It’s been a banner year for Stephen King fans everywhere, and Shout Factory sweetens the pot by giving Rob Reiner’s horror masterpiece “Misery” a collector’s edition. Based on the classic Stephen King novel, Rob Reiner who is no stranger to adapting King’s work, brings to screen a work of terror, dark comedy, and a demented commentary about the fans behind our work that also control our work. It’s a very volatile and sharp edged polemic about fandom when you get right down to it, and it’s never been more relevant than in the day and age where fandoms from all corners of the world have the loudest voices and sometimes can break the very thing they love.
“Misery” centers on author Paul Sheldon, a talented writer who has spent most of his writing career penning a series of dramatic books called “Misery.” Feeling like he wants to break out of his comfort zone, Paul, against the warnings of his agent, decides it’s time to end the book series by killing off the main character of the book once and for all. While traveling through a blizzard one day, he is involved in a horrific car crash that leaves him injured and debilitated. When he awakens, much to his surprise he’s not only been cared for by a seemingly kind woman, but she also happens to be a hardcore fan of the “Misery” Books. The frumpy, somewhat unassuming Annie Wilkes is a set in her ways homebody who worships Paul Sheldon. Once she learns that he plans to end the “Misery” series, she begins to slowly peel away her layers revealing a maniacal, deadly, and relentless psychopath who may not let Paul from her clutches any time soon.
Set in primarily one room, “Misery” watches like an expertly crafted stage play, where Paul has to reach down in to Annie’s level of sanity, and begin playing a game of cat and mouse. Every move he makes depends on whether Annie will inflict further pain on him, or allow him the luxury of peace. While there are glimmers of darkly comic overtones, especially in the disturbing way Annie takes the books seriously, “Misery” is a deliberately paced and brilliant horror film that manifests King’s seemingly worst nightmare. The performances are an absolute stroke of genius, delivering on every level of subdued, lifting the tension a notch every minute Paul is within Annie’s grasp. Kathy Bates gives the performance of her career as this warm presence that has her idol at her mercy, and inflicts suffering in ways only he can comprehend.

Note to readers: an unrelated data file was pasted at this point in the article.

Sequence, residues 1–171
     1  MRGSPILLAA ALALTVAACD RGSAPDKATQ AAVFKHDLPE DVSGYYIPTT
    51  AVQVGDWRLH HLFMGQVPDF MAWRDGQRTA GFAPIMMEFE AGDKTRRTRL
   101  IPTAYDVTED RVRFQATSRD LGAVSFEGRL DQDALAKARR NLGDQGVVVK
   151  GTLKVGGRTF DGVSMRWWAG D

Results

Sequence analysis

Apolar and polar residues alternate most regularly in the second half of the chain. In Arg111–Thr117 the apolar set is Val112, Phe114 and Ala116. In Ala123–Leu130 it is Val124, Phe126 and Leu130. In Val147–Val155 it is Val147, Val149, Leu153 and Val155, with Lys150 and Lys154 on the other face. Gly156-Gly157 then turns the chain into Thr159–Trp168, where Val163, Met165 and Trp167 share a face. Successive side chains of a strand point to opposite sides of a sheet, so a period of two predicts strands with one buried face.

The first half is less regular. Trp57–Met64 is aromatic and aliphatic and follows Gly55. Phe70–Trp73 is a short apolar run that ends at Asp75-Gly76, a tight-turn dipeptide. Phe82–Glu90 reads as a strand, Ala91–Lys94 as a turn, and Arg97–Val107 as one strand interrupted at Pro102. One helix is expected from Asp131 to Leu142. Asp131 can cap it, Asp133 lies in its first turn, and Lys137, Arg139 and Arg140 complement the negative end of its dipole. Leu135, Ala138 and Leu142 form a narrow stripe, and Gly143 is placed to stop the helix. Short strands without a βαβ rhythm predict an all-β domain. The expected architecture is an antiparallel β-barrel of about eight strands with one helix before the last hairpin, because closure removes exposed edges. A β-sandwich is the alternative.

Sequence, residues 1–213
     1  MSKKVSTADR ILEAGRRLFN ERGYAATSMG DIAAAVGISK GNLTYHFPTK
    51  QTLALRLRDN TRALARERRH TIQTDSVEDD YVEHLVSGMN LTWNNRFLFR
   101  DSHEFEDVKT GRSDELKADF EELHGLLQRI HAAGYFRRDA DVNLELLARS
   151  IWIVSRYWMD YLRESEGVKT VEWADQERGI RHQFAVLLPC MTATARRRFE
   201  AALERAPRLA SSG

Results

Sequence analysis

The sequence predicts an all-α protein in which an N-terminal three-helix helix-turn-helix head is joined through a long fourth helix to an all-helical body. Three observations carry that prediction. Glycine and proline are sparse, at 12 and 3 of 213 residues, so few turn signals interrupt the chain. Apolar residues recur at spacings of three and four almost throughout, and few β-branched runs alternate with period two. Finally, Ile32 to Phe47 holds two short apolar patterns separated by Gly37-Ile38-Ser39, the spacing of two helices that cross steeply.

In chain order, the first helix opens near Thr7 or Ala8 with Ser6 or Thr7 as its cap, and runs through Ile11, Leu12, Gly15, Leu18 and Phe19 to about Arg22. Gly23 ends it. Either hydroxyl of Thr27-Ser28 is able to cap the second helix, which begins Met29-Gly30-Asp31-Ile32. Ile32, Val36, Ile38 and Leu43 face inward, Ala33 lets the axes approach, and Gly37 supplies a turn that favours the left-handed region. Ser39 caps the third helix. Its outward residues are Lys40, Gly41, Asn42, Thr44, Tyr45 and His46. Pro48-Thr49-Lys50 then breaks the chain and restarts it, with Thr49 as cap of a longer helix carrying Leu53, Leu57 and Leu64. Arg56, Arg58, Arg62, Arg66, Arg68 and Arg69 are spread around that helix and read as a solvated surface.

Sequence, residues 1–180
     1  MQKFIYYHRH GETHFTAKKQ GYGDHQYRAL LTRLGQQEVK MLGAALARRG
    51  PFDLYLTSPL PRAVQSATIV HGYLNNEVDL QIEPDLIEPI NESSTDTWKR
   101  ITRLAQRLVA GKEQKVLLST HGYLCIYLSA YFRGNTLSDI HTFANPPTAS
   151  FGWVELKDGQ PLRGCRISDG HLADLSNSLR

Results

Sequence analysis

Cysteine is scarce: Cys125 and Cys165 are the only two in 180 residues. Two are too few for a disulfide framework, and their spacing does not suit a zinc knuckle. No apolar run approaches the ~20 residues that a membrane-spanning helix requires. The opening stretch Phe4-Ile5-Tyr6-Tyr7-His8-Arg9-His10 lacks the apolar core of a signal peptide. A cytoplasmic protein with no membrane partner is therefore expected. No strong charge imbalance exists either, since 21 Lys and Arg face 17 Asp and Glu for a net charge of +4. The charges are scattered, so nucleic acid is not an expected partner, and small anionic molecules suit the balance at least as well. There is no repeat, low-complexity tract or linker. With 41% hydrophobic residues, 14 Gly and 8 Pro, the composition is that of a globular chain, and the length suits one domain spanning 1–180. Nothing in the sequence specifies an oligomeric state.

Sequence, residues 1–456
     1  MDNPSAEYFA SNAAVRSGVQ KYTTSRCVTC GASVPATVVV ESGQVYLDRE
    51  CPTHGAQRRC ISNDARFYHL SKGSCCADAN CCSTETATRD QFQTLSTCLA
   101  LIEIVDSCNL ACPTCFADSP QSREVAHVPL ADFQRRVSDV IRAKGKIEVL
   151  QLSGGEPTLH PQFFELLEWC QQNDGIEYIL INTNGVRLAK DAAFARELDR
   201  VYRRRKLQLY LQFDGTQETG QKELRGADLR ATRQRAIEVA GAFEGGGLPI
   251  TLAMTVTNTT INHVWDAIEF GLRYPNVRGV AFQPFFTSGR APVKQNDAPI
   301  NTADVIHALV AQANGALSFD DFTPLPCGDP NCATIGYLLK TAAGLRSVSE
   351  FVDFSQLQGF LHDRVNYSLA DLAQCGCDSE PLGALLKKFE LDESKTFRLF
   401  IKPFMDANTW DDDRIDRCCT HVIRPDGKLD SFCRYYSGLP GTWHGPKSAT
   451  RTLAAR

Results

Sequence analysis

King is very clever in exploring the writer’s prisoner where Paul is forced to write a new book at the command of Wilkes, and momentarily considers death, rather than trot out another page. There’s also her medicating him in to submission, and the iconic hobbling sequence that’s become a mainstay in the pantheon of cinematic moments that made us cringe in horror. James Caan works beautifully off of Bates, providing an often underrated performance as a man who is the polar opposite of what Annie likely imagined and works toward tailoring him to become the very idol she worshipped through his novels. “Misery” is a film that also works as a statement toward the artistic condition, the hazards of fame, and the potential pitfalls that come with meeting your biggest fans.
It’s a masterpiece of horror that keeps you hooked until the final scene that sums up the whole of King’s experience as a world famous author.
Scream Factory brings over most of the extras from the 2009 Blu-Ray and 2007 Collector’s Edition of “Misery,” and have even added some brand new extras for the fans. The new extras include a thirty seven minute interview with director Rob Reiner, and a twenty six minute interview with make up artist Gregory Nicotero. They’re exclusive to this release. Topics discussed among the interviews are the startling effects, the Reiner honing his craft as a filmmaker, auditioning Kathy Bates, changing the book’s climax, and how the crew changed Annie’s process with Paul from an axe (in the novel) to a sledgehammer (for the movie).
Among the older but interesting extras, there are two audio commentaries with director Rob Reiner, and one with screenwriter William Goldman. There are the pair of featurettes “Misery Loves Company,” and “Marc Shaiman’s Musical Misery Tour,” and five fact based featurettes getting to the psychology of the film. Included are “Diagnosing Annie Wilkes”, “Advice for the Stalked”, “Profile of a Stalker”, “Celebrity Stalkers”, and “Anti-Stalking Laws.” Finally there is a pair of vintage trailers for “Misery.” It’s a compilation of some great and exhaustive peeks behind the film, and within the depths of the story.